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Study sheds light on how people cope with health challenges and medical debt
A recent qualitative study sheds light on how people cope with health and financial challenges, highlighting the important role that communication plays in these coping strategies. (2021-02-16)

Risk factors associated with COVID-19 ICU admission or death in Argentina
A nationwide analysis of data from the first 6 months of the COVID-19 pandemic in Argentina has identified factors associated with increased risk of death or admission to an intensive care unit (ICU) due to the disease, including older age, male sex, coma, seizures, and underlying comorbidities. Daniel Schoenfeld of Centro Diagnostico San Jorge in Puerto Madryn, Argentina, and colleagues present these findings in the open-access journal PLOS ONE on February 11. (2021-02-11)

Examining association between percentage of women in medical specialties, salaries
Salary information from faculty at U.S. medical schools was used to examine the association between the percentage of female clinicians in a medical specialty and the average and median salaries for that specialty. (2021-02-08)

VR simulations shed potential light on goalkeepers' ability to stop free kicks
Virtual reality simulations of football (soccer) free kicks suggests placing a defensive wall can block a goalie's view and hamper their performance - and simulations might be useful in other sports too. (2020-12-23)

Trained dogs might be able to detect people infected with COVID-19 by sniffing their sweat
Trained dogs might be able to detect people infected with COVID-19 by sniffing their sweat, according to a preliminary proof-of-concept study. (2020-12-10)

Satellite-tagged bottles show promise for tracking plastic litter through rivers
A new study demonstrates the potential for plastic bottles tagged with tracking devices to deepen our understanding of how plastic pollution moves through rivers. Emily Duncan of the University of Exeter, U.K., and colleagues present this research in the open-access journal PLOS ONE on Dec 2, 2020. (2020-12-02)

Keyhole wasps may threaten aviation safety
Over a period of 39 months, invasive keyhole wasps (Pachodynerus nasidens) at the Brisbane Airport were responsible for 93 instances of fully blocked replica pitot probes - vital instruments that measure airspeed -- according to a study published November 25 in the open-access journal PLOS ONE by Alan House of Eco Logical Australia and colleagues. As noted by the authors, the results underscore the importance of risk-mitigating strategies, such as covering pitot probes when aircraft arrive and setting up additional traps to intercept the wasps. (2020-11-25)

Men feel less powerful in their private lives
Men perceive themselves as having less power in their private than in their public lives, a new study from Lund University has suggested. Furthermore, both men and women agree: power in your private life matters more than that in public life. (2020-11-12)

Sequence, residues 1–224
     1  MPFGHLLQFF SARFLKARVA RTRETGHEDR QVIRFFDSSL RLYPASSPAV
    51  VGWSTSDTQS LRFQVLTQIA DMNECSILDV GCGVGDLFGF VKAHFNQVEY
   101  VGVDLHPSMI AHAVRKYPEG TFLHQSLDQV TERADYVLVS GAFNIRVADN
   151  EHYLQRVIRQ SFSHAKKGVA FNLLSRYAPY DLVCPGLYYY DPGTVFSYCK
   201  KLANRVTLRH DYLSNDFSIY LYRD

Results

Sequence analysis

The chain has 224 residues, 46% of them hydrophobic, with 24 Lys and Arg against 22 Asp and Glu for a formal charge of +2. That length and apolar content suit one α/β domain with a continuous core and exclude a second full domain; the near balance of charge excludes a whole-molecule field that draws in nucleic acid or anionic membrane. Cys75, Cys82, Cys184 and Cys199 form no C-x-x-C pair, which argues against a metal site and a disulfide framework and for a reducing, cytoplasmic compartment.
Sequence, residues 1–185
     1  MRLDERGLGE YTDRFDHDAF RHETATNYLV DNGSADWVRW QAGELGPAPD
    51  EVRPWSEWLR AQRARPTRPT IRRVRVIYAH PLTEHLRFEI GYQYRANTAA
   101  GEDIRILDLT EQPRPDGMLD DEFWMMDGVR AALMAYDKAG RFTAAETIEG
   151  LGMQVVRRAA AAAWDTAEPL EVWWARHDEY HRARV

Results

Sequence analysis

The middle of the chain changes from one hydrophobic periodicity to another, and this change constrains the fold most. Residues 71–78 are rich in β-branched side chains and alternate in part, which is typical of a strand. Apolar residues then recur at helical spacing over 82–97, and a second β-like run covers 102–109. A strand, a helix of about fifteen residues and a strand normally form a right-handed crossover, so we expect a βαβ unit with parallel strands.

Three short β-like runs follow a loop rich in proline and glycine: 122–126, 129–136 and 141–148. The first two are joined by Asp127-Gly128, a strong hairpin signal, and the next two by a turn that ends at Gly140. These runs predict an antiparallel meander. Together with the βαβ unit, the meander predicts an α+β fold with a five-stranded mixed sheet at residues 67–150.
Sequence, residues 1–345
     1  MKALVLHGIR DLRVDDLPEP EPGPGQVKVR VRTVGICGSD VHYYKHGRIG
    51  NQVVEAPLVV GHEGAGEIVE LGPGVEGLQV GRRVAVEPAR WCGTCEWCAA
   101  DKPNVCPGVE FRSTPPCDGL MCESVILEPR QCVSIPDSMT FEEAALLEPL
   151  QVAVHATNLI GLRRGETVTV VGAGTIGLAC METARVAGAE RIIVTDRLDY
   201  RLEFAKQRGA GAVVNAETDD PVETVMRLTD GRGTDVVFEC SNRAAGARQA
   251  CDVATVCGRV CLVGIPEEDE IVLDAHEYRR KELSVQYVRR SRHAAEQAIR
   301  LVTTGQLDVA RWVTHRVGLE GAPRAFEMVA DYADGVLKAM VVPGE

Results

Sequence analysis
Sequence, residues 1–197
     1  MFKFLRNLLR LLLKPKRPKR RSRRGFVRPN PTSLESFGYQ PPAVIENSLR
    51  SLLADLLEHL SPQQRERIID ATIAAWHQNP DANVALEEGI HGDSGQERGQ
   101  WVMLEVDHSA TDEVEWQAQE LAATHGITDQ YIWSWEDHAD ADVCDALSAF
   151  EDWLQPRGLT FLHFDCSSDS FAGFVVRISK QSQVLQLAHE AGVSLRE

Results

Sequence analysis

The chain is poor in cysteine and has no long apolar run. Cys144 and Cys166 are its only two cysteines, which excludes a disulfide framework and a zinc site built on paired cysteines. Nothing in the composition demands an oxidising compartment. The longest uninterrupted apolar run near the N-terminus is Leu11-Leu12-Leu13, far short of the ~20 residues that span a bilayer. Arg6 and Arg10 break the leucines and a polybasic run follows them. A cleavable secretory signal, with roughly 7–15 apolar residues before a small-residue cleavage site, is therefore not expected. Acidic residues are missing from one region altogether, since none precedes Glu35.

Why cats have 9 lives - high-quality cat genome helps identify novel cause of dwarfism
A new and improved cat genome developed by the feline research teams at the University of Missouri and Texas A&M University has already proven to be a valuable tool for feline biomedical research by helping to confirm existing gene variants and new candidate genes underlying diseases in cats. The new findings are published October 22nd in PLOS Genetics. (2020-10-22)

Electric clothes dryers: An underestimated source of microfiber pollution
Electric clothes dryers (tumble dryers) may be a hitherto unsuspected source of microfibers, widely emitting fibers from laundry into the environment through their vents, according to an experimental study. (2020-10-07)

New ACM study gives most detailed picture to date of US bachelor's programs in computing
ACM, the Association for Computing Machinery, recently released its eighth annual Study of Non-Doctoral Granting Departments in Computing (NDC study). With the aim of providing a comprehensive look at computing education, the study includes information on enrollments, degree completions, faculty demographics, and faculty salaries. (2020-09-10)

Citizens prefer teachers and administrators to take the hit during economic crisis
With schools around the world looking into various cost-cutting measures in the midst of the COVID-10 pandemic, new research from Binghamton University, State University of New York reveals that citizens prefer teachers and administrative staff to be at the frontline of school spending cuts during times of economic crisis. (2020-08-11)

Smartphone accelerometers could help in resistance workouts and rehabilitation protocols
Smartphone accelerometers are effective tools to measure key time-under-tension indicators of muscle training -- and could help in resistance-based workouts and rehabilitation protocols. (2020-07-15)

New estimates highlight global economic and environmental impacts of COVID-19